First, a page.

John Hancock – an innkeeper with big ideas

John Hancock worked for Mr Fynes who lived in Cross Tree House at the end of the 18th century.  After the death of his master he took the house with the intention of setting up an inn there.  Treleaven’s Chronicle tells us that he thinks went well at first, but perhaps he was too ambitious, and in 1809 he was forced to flee from his debts.   See the Dancing Tree for more of its history.

1799 Wed. May 15th.  Mr John Hancock has taken his late Master Mr. Fyne’s House for an Inn, ’tis to be The Courtenay Arms, and he enters on it at Midsummer next.

1799 Tue. Sep. 17th.  The Victuallers of this Town went to Newton to renew their licences and Mr. Hancock for a licence for the late Mr. Fynes’s House (London Inn and not the Courtenay Arms) but was refused.  The Justices reason was ‘We will not increase the No. of Public Houses in Moreton’.  Mr. Hancock was greatly disappointed.

1799 Tue. Oct. 22nd.   Mr. Wm. Smale hath taken the House at Pound now occupied by Mr John Hancock, the latter is going to live in his late Master’s (Mr.Fynes) House at Cross and talks of opening a Coffee House, run a Chaise, and take in the London papers &c!!!

1800 Tue. Sep. 9th.  Mr Hancock got a Licence for his House ‘The London Inn and Tavern’.  The other Public Houses Licensed as usual. 

1801 Fri. Aug. 28th.  Cross-Tree, floored and seated round with a platform railed on each side, from the top of Mr. Hancock’s Garden wall to the Tree, and a flight of steps in the Garden, for the Company to ascend, after passing the platform they enter under a grand arch formed with boughs – there is sufficient room for thirty persons to sit round and six couple to dance, besides the Orchestra. From the novelty of this rural apartment, it is expected much company will resort there during the summer.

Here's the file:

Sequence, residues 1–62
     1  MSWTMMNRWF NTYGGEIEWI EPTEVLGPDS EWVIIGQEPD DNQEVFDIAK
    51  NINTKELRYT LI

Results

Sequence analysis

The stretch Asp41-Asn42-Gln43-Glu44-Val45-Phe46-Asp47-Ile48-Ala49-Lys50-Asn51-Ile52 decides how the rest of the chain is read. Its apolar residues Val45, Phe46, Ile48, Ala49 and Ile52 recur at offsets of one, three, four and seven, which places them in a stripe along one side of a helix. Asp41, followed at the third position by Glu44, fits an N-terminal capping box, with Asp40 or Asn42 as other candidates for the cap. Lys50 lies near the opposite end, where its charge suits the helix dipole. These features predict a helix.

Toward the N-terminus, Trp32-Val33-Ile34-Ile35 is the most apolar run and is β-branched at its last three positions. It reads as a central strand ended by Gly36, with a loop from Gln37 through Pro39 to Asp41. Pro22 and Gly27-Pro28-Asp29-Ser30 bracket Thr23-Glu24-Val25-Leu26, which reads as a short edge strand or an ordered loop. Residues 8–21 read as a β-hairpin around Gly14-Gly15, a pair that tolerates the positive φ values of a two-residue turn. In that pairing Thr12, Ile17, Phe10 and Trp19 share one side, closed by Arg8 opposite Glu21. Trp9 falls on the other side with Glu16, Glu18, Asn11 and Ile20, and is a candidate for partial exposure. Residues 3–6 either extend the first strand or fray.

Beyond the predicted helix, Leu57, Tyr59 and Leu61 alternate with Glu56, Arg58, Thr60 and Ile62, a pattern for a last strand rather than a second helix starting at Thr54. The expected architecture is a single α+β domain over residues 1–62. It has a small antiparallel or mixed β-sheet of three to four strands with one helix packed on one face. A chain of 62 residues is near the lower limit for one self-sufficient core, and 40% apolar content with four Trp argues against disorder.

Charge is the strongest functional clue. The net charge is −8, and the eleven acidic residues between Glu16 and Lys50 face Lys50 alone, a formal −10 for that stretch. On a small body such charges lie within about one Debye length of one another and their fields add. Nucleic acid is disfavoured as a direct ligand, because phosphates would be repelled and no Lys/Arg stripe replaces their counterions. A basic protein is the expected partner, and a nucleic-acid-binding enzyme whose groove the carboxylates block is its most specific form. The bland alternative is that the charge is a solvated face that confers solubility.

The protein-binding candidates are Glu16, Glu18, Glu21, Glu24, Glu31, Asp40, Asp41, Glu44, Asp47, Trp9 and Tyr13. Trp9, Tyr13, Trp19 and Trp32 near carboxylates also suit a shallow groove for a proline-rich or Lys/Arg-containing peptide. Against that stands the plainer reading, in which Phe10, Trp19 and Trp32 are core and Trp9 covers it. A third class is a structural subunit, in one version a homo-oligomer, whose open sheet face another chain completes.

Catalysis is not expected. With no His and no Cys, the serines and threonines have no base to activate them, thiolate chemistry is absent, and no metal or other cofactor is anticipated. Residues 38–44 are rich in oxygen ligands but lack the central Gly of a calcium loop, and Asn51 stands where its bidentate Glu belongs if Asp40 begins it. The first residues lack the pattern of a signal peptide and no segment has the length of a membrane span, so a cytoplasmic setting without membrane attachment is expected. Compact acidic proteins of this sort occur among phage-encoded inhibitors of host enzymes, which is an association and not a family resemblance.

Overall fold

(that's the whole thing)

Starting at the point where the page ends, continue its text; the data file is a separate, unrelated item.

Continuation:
1802 Wed. Jan. 6th.  Mr. Hancock, at the London Inn, injudiciously drying about 6 ounces of  Gunpowder, in a fire-pan that had been heated for that purpose, but heated too hot, it soon took fire and blew directly in his face and scald him in a shocking manner, his child (a little boy about 2 years old) standing by his side was carried by its force eight feet, and very much scald, it forced out a window into the street, but did no other material damage.

1804  Wed. Sep. 12th.  Mr. John Snow of Lowton, served with an Exchequer Writ, for selling spirituous liquors to Mr. John Hancock of the London Inn, to appear in London Novr 6th personally or by Attorney.

1804 Tue. Sep. 18th.  Lord Courtenay and two of his Sisters arrived here, about 12 noon, walked to North Bovey, returned and dined at the London Inn, and for the great attention paid them, his Lordship very politely proposed giving Mr. Hancock a New Sign (His Arms) which was accepted by the latter.

1806 Wed. July 23rd.  The Courtenay Arms, a new handsome painted sign, and a present from Lord Courtenay to Mr. John Hancock, hung up in the room of the London Inn

1809 Mon. Sep. 4th.  Mr John Hancock of the Courtenay Arms, from the embarassment of his affairs, is obliged to disappear and left Moreton this day.

1809  Tue. Sep. 12th.  Sale for Mr. Hancock’s Household Goods and Furniture.

1809  Thur. Oct. 5th.  Survey for letting Mr Hancock’s House & Ground.